I don’t buy everything about Klein’s arguments: They rest heavily on unquestioned assumptions about the course of development in the global South, and focus too much on scaling up government and not enough on scaling down business. The “everything” that will change sometimes seems limited to the ideological pendulum: After decades of pointing toward the neoliberal, free-market right, she believes it must swing back to the left because climate change demands a huge expansion of government planning and support.

Nonetheless, many of the specific steps outlined in the book do have the potential to shift our economic system in important ways. Those steps, however, are given no space at all in the film. The focus is almost entirely on transitioning to renewables, which turns the film into what is essentially an informercial for industrial wind and solar.

The film starts well, debunking the notion that climate change is a product of human nature – of our innate greed and short-sightedness. Instead, Klein says, the problem lies in a “story” we’ve told ourselves for the past 400 years: that Nature is ours to tame, conquer, and extract riches from. In that way, Klein says, “Mother Nature became the mother lode.”

After a gut-wrenching segment on the environmental disaster known as the Alberta tar sands, the film centers on examples of “Blockadia” — a term coined by activists to describe local direct action against extractive industries. There is the Cree community in Alberta fighting the expansion of tar sands development; villagers in India blocking construction of a coal-fired power plant that would eliminate traditional fishing livelihoods; a community on Greece’s Halkidiki Peninsula battling their government and the police to stop an open pit gold mine that would destroy a cherished mountain; and a small-scale goat farmer in Montana joining hands with the local Cheyenne community to oppose a bevy of fossil fuel projects, including a tar sands pipeline, a shale oil project, and a new coal mine.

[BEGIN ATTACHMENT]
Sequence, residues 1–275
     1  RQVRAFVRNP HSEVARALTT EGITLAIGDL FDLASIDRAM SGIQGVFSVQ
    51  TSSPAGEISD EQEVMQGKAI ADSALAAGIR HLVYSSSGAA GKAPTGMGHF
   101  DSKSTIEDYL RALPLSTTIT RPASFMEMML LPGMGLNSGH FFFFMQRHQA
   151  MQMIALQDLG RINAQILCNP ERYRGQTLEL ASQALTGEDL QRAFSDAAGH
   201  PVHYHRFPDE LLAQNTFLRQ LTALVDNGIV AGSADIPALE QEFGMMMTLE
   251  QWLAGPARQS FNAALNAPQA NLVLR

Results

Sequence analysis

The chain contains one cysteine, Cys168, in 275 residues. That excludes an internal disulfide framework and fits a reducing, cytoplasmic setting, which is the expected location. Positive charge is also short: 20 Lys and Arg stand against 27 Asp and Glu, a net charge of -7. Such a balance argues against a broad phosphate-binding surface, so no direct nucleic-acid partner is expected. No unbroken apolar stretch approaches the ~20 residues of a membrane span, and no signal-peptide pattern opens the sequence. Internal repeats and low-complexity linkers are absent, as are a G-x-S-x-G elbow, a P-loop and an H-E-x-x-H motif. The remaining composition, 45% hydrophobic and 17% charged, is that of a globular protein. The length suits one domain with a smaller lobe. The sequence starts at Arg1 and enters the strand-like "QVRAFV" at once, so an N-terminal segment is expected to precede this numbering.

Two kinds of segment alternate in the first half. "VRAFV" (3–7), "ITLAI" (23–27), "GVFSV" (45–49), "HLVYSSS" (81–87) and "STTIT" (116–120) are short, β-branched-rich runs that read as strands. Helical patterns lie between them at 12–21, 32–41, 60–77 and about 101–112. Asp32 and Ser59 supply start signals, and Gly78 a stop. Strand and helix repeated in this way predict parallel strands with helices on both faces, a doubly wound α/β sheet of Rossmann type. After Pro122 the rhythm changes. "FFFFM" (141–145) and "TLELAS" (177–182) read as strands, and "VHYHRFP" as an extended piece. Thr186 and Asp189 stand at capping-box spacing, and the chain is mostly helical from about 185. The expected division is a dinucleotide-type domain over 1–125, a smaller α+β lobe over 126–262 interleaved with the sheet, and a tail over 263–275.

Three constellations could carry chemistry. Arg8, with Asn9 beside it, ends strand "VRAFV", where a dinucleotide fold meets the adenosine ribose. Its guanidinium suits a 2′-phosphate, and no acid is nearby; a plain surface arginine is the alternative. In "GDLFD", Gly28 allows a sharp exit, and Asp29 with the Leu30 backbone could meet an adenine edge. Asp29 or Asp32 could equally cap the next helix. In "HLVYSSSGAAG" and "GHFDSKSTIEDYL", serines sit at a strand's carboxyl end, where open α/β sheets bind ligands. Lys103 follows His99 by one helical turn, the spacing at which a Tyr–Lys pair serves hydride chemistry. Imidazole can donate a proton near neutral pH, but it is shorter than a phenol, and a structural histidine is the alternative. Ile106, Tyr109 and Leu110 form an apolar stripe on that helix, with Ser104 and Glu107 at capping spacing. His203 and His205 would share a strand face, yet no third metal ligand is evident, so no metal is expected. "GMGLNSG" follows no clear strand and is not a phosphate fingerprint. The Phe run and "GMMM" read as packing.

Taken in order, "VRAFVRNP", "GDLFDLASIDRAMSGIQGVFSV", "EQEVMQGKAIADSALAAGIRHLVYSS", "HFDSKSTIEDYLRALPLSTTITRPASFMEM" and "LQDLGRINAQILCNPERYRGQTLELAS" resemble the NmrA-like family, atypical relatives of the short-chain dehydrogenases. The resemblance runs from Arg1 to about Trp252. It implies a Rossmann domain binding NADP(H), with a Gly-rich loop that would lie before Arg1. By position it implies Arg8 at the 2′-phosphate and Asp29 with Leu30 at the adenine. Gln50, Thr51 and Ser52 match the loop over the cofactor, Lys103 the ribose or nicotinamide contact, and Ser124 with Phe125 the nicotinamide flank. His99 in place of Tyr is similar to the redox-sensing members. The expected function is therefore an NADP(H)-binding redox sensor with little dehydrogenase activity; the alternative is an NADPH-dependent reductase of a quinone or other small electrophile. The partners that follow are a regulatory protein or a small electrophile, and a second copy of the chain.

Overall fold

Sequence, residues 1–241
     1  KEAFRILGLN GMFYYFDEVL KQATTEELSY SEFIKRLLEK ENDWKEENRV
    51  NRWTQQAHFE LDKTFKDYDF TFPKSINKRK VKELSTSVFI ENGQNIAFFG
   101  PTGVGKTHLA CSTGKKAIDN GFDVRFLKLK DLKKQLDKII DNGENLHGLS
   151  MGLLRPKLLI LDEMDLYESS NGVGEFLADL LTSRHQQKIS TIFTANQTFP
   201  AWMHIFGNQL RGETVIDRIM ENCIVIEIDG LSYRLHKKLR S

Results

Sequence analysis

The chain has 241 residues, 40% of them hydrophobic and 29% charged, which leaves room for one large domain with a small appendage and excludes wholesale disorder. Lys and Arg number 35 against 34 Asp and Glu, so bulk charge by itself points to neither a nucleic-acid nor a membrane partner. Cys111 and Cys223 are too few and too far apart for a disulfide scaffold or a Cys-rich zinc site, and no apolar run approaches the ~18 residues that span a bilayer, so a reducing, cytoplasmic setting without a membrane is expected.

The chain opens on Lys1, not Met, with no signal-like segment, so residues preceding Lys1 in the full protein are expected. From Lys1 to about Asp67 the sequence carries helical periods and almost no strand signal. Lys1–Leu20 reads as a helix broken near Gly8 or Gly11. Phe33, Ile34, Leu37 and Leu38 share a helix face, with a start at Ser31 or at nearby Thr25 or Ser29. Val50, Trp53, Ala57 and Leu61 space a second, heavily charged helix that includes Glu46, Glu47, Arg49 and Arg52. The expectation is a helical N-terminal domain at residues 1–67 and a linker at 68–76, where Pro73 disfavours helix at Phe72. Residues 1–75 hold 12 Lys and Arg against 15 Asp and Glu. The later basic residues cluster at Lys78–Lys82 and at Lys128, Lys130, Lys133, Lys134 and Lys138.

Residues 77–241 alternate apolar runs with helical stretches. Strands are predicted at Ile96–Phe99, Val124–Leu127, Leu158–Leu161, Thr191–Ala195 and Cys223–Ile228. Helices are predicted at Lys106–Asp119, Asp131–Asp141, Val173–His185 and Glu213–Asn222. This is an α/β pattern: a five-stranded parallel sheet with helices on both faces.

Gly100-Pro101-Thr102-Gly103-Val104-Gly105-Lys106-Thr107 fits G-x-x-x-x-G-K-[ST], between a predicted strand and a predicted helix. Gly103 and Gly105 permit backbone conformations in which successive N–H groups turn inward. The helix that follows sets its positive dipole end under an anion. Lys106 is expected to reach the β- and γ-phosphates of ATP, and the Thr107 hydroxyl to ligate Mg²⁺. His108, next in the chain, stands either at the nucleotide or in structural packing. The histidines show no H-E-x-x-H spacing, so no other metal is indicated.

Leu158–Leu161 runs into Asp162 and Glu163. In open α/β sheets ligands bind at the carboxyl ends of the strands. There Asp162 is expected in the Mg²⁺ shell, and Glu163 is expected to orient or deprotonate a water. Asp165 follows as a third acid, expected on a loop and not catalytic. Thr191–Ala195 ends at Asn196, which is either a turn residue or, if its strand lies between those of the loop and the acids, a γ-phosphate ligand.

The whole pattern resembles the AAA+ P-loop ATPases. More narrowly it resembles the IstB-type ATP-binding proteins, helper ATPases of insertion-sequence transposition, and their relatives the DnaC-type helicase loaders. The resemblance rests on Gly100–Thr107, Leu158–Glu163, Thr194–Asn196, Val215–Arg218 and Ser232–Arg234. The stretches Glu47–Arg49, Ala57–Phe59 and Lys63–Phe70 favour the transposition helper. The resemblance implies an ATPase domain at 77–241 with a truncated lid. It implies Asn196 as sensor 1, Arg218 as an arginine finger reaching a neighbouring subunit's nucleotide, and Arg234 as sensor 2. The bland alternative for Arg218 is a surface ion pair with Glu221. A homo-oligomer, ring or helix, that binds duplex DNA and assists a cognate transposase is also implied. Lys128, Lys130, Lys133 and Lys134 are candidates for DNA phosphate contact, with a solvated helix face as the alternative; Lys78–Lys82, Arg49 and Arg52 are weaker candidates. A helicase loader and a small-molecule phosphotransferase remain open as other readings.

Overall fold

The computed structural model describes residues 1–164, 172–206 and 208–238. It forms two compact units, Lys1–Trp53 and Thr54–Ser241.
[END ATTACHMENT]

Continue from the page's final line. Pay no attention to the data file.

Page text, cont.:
Klein implies that climate change underlies and connects these geographically diverse protests. But that’s partly an artifact of the examples Klein chose, and partly a misreading of the protestors’ motives: What has really driven these communities to resist is not climate change, but a deeply felt desire to maintain their traditional way of life and to protect land that is sacred to them. A woman in Halkidiki expresses it this way: “We are one with this mountain; we won’t survive without it.” At its heart, the threat that all of these communities face doesn’t stem from fossil fuels, but from a voracious economic system that will sacrifice them and the land they cherish for the sake of profit and growth.

The choice of Halkidiki as an example actually undermines Klein’s construct, since the proposed mine has nothing directly to do with fossil fuels. It does, however, have everything to do with a global economy that runs on growth, corporate profit, and — as Greece knows only too well — debt. So it is with all the other examples in the film.

Klein’s narrative would have been derailed if she profiled the indigenous Zapotec communities of Oaxaca as a Blockadia example: They fit the bill in every respect other than the fact that it’s renewable energy corporations, not fossil fuel corporations, they are trying to block. Similarly, Klein’s argument would have suffered if she visited villagers in India who are threatened not by a coal-fired power plant, but by one of India’s regulation-free corporate enclaves known as “special economic zones”. These, too, have sparked protests and police violence against villagers: In Nandigram in West Bengal, 14 villagers were killed trying to keep their way of life from being eliminated, their lands turned into another outpost of an expanding global economy.[4]